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Electronic dance music gets boost of energy in Chicago

Dominic Lalli Jeremy Salken Big Gigantic use live instruments set their sound apart. | Cory Schwartz~Getty Images

Dominic Lalli and Jeremy Salken of Big Gigantic use live instruments to set their sound apart. | Cory Schwartz~Getty Images

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BIG GIGANTIC

◆ 9 p.m. Monday

◆ Aragon, 1106 W. Lawrence

◆ Sold out

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Updated: January 28, 2013 3:14PM



This summer 50,000 people flooded Soldier Field — not for a football game, or any game, for that matter. The young people coming through the gates of the home of the Chicago Bears were there for another reason: to dance.

Spring Awakening, a dance-music festival held June 16-17 in and around Soldier Field, is just one local example of how big the electronic dance music craze got this year.

EDM concerts are usually pre-packaged parties led by larger-than-life DJs, producers and musicians armed with extravagant light shows, glowstick cannons and head-pounding bass.

“The dance scene in Chicago right now is just thriving,” said DJ Steve Aoki, who played a sold-out show Dec. 15 at the Congress Theater. “Especially the past two years, it’s really gotten bigger and not even in terms of people but energy too. Kids have really embraced it and taken it to this state.”

Chicago’s concert winter calendar is packed with shows, culminating in a pair of concerts on New Year’s Eve: Big Gigantic at the Aragon Ballroom and Porter Robinson at the Congress Theater.

Big Gigantic, which returns for its second consecutive NYE in Chicago, and Porter Robinson represent two different takes on the genre widely known just as EDM.

Big Gigantic creates its dubstep-infused art with a live aspect, blending drums and a saxophone with computer-generated synth lines and bass. Porter Robinson, meanwhile, mixes on a computer.

“These days,” said Dom­inic Lalli, one half of Big Gigantic, “there’s so much out there and so much music coming out, being different is really key.”

The word “different” is important. The EDM community came under fire this year when Canadian dance music mogul Deadmau5 criticized DJs within the genre, most notably David Guetta and Skrillex, referring to them as “button pushers” who pretend to work a lot harder onstage than they do.

The issue also was sparked by a YouTube video showing Swedish House Mafia DJ Steve Angello casually smoking a cigarette onstage as the party raged on in front of him. While that behavior certainly isn’t status quo, it does raise questions about whether some DJs are being paid millions essentially just to hit “play.”

For its part, Big Gigantic tries to keep its music connected to performance.

“We just love making music,” said Lalli, who lists jazz greats John Coltrane and Joe Henderson as sax influences. “We try to bring all those elements together to make this new thing or sound, and I think that’s the biggest thing these days.”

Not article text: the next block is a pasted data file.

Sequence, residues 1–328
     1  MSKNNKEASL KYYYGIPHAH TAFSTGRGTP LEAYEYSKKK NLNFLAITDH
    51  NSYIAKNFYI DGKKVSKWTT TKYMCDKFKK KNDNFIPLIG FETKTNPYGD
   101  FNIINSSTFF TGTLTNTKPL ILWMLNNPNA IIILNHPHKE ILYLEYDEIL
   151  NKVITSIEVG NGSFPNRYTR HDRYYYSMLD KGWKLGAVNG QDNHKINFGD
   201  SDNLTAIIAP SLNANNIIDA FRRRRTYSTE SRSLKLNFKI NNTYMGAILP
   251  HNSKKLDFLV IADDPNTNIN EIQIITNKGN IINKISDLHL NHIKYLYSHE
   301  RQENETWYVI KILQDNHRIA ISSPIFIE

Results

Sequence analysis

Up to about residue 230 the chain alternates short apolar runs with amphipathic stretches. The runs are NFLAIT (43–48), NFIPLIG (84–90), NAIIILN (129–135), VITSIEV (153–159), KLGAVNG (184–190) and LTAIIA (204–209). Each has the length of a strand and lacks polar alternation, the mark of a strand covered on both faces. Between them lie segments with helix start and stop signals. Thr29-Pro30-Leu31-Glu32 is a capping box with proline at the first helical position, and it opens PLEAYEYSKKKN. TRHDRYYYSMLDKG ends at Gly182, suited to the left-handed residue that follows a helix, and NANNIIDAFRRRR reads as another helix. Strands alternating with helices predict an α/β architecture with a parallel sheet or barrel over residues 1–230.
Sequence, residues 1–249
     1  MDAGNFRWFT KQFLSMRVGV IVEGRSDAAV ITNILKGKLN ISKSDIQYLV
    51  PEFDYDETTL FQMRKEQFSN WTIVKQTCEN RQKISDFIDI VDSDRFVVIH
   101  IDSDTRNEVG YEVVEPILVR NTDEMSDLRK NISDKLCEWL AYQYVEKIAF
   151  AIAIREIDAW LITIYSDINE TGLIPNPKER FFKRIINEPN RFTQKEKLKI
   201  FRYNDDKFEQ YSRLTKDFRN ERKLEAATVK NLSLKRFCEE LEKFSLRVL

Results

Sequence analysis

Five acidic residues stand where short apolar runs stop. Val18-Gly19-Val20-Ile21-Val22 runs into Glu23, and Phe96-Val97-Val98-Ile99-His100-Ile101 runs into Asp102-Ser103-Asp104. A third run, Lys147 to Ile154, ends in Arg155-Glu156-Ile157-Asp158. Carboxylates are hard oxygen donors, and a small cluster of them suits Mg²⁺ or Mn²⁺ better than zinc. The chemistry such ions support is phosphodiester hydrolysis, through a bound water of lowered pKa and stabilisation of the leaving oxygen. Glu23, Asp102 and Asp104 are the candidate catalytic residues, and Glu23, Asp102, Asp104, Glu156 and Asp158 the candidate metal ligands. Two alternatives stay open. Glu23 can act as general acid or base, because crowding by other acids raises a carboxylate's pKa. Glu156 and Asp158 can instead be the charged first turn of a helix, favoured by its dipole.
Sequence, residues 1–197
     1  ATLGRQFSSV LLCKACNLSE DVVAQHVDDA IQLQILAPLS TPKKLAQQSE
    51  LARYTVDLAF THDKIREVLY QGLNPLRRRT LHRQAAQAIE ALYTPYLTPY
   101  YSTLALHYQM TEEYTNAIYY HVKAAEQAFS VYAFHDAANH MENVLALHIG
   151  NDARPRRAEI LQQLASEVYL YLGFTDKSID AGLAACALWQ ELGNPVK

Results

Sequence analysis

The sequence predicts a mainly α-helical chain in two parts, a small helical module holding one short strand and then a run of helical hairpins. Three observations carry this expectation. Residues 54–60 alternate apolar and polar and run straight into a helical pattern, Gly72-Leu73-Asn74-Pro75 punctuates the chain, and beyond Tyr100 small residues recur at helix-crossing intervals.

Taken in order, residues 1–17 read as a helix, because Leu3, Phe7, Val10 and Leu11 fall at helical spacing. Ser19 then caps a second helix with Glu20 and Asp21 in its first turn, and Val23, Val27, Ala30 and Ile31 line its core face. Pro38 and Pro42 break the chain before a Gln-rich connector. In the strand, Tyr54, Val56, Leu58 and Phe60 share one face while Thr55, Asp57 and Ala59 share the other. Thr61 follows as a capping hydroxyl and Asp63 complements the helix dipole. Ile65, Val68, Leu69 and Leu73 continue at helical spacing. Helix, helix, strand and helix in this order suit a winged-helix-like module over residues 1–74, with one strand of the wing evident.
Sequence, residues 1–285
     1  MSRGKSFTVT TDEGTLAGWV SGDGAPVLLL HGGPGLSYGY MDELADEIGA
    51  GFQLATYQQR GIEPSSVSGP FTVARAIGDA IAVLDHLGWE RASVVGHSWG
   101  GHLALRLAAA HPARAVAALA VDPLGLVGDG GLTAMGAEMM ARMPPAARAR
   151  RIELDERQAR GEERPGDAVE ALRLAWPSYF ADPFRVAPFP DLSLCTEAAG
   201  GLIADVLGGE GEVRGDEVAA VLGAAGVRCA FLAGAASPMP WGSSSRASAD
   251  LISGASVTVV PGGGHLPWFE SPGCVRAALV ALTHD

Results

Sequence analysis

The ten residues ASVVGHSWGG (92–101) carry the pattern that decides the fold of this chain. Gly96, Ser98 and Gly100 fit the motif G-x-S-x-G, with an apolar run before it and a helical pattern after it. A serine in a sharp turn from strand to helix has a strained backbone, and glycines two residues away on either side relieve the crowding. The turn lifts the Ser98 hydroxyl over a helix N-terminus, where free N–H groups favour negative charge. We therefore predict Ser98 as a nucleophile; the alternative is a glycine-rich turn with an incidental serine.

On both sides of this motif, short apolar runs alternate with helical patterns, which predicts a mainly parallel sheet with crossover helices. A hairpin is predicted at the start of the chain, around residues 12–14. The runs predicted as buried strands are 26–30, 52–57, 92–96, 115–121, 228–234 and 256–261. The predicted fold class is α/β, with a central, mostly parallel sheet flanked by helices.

While live instrumentation may attract some to the music, others couldn’t care less what the artist is doing onstage.

“I don’t really care, people can say whatever they want,” said Los Angeles DJ Audrey Napolean. “I know what I do, and I know what I do onstage is real, and I know that I do everything I can to put on a good show, and that’s all I need to know.”

The emergence of music on the Internet has assisted the rise of dance music. One of the most recognized sites for artists trying to break into the scene is BeatPort.com, a sort of iTunes for DJs.

“We are a site for music for DJs,” said BeatPort CEO Matthew Adell. “DJs have special music needs. They’re different from the average consumer. Our goal is to get DJs the most important material they need for their set, right now.”

The site, started in 2004, has helped launch the careers of many of the biggest artists in dance music and also hosts the annual BeatPort Music Awards, which recognize the best in EDM.

One of the most recent products of BeatPort is the Chicago-born trio Krewella, booked for Saturday at the Congress Theater.

The three-person group, consisting of sisters Jahan and Yasmine Yousef and producer Rain Man (Kris Trindl), is indicative of the rising scene here. Trindl handles the beats while the sisters provide their piercing vocals to the bands eclectic sound. The online venue allowed them to pursue a more cohesive live show with a larger following.

“Being featured on Beatport opened up a whole new world for our EP distribution,” Jahan said. “It’s amazing coming home to Chicago because I remember even a year and a half ago when we were playing raves with like 10 kids. We feel a sense of loyalty when we come back.”

As computers and programs advance and EDM stars grow more familiar, it seems as though there is no ceiling on where the scene will go.

“I think it’s just the tip of the iceberg, to be honest,” said Avi Gallant, who runs the Untz, a leading EDM news website. “I don’t think it’ll get too big, [but] the sky is the limit. This is just the beginning.”

Jake Krzeczowski is a locally based free-lance writer. Follow him on Twitter: @jakekrez



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